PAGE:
What obstacles have you encountered in your work, and what have you done to overcome them?
What's the shortest time it has taken you to write a story?
I wrote “The Student,” which is in my new book, The Farther Shore, very rapidly. The germ of it was told to me by a good friend, to whom something very similar happened (as a graduate student, he slept with an undergraduate who feared she’d become pregnant). Immediately after my friend told me his tale, I knew it would work as a short story. It seemed like a gift dropped in my lap. I asked him if I could use it, and he wished me the best. I wrote the core of the story very quickly, in just a week or so—light speed, for me. I tinkered with it for a while after that, but the final version stayed pretty true to that initial draft.
What's the longest time it has taken you to write a story?
I wrote several failed versions of “Criminals,” the long story that concludes The Farther Shore, before writing the version that is in the book. I began drafting the story in 2004 and worked fairly steadily on it for the next two years. Howard Junker accepted it at ZYZZYVA, then proceeded to give it a good, old-fashioned hard edit, cutting it by almost a third. After that first publication, I revised it, restoring much that Junker had cut, and sent it out to the Camber Press fiction award. To my delight, Ron Carlson selected it for the prize. I revised it a third (and final!) time for The Farther Shore—so there are essentially three different “finished” versions of this long story. Faulkner had something like four published versions of “Barn Burning,” and of course Raymond Carver was known to fiddle with his work after it had seen print, so I guess I’m not alone.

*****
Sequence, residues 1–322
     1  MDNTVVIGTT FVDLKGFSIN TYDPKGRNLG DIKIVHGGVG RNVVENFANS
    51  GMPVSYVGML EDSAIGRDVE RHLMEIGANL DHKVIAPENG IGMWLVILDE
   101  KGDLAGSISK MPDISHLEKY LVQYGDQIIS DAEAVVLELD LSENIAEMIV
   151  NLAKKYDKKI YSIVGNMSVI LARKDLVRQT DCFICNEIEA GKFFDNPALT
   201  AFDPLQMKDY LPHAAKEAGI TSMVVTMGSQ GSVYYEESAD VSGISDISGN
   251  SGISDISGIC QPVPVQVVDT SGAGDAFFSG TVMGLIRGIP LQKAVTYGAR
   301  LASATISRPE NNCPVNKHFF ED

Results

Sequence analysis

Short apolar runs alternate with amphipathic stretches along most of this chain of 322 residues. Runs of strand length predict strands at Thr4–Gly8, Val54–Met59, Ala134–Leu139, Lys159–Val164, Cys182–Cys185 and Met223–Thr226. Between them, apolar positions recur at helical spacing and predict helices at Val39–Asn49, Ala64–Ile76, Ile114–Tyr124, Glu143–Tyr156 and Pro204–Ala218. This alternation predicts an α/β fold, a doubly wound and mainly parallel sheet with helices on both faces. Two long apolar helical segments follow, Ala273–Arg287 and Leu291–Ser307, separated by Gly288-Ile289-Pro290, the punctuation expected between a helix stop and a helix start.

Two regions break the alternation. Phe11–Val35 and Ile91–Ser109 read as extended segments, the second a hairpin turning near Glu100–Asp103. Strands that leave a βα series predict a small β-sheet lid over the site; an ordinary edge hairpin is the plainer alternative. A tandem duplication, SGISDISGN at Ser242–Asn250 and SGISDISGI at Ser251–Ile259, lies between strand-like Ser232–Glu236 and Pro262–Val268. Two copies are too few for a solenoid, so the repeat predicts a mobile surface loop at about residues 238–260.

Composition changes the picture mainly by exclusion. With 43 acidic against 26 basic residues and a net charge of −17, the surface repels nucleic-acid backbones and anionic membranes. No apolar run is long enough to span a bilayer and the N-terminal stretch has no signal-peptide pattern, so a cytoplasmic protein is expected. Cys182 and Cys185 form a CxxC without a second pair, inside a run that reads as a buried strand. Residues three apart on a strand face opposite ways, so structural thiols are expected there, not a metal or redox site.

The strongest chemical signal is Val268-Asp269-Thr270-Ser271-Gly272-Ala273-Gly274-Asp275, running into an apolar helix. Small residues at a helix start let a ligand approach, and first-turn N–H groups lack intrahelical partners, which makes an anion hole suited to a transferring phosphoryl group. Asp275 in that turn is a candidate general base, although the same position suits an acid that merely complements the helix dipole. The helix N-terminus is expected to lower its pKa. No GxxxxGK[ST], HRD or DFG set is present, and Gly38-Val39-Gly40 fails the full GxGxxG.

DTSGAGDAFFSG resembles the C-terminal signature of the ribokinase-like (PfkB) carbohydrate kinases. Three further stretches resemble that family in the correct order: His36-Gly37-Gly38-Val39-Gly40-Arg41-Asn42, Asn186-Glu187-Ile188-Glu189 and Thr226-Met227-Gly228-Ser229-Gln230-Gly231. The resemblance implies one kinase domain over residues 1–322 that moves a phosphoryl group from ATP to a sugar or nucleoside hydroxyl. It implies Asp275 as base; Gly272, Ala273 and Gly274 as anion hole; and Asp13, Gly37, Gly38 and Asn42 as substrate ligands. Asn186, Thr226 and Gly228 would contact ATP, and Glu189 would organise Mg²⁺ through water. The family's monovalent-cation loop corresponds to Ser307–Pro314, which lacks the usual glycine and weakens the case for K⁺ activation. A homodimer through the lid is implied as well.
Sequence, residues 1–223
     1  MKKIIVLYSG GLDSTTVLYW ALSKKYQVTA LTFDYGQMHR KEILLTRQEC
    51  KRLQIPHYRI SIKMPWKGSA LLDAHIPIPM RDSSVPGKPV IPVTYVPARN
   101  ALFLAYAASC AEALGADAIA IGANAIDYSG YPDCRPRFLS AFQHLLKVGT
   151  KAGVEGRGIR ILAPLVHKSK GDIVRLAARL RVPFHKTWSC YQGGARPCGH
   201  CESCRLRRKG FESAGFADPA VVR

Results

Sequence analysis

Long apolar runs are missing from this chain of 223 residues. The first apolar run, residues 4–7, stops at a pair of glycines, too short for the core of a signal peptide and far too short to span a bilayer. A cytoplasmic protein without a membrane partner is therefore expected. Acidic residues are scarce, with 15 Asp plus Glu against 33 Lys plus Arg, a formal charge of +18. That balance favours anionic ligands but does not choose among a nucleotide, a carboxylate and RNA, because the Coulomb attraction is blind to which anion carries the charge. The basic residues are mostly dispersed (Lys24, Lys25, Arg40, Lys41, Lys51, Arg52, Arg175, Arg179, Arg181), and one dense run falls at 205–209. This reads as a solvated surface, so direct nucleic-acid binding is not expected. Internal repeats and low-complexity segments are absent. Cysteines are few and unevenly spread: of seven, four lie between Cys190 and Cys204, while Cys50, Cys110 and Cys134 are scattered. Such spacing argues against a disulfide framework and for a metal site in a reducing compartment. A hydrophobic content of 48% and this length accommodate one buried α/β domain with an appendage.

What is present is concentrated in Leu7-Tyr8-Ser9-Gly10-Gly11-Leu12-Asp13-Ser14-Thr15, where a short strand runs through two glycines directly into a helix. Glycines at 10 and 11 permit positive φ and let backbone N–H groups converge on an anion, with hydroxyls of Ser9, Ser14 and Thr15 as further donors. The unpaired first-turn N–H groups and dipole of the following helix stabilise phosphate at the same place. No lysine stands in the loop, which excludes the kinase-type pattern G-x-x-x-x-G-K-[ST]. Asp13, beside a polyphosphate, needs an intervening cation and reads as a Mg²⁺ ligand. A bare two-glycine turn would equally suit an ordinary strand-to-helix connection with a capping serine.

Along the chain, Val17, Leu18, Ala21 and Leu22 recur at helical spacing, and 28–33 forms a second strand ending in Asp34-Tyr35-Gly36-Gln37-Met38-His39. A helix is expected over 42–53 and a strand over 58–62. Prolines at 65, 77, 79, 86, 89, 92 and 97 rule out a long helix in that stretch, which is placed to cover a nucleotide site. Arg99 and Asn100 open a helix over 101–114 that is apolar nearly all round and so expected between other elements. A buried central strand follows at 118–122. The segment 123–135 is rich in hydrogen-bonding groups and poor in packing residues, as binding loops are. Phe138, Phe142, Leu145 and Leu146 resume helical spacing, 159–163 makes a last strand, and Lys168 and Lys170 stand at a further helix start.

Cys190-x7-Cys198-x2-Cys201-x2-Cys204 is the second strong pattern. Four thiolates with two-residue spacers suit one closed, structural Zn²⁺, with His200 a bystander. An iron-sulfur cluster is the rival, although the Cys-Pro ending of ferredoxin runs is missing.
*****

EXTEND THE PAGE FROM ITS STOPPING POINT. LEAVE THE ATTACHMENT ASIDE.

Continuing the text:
How often does an idea for a story occur to you, and what triggers those ideas?
A story can be triggered by almost anything: an overheard bit of conversation, an image or detail from life around me, a line in a book I’m reading. Once, I was distracted from reading a book in my back yard by the low, steady drone of a single-engine airplane moving slowly across a brilliant, blue sky. I wondered, Who is on that airplane? Where are they coming from? Before I knew it I was at my desk, writing the first draft of “Barnstorming,” a story in my first collection, Field Observations. Years later, I was reading The Routes of Man, by Ted Conover, and a line leapt up off the page: “It’s much easier to make a roadway dangerous than to make it safe.” I copied it into my notebook, carried it around in my head for a little while, found I couldn’t stop thinking about all the things that single sentence might mean or suggest, and now I’m hip-deep in drafting a novel, The Road Builder. Triggers for stories are everywhere; it’s just a question of paying attention. Henry James said it best: “Try to be one of the people on whom nothing is lost.”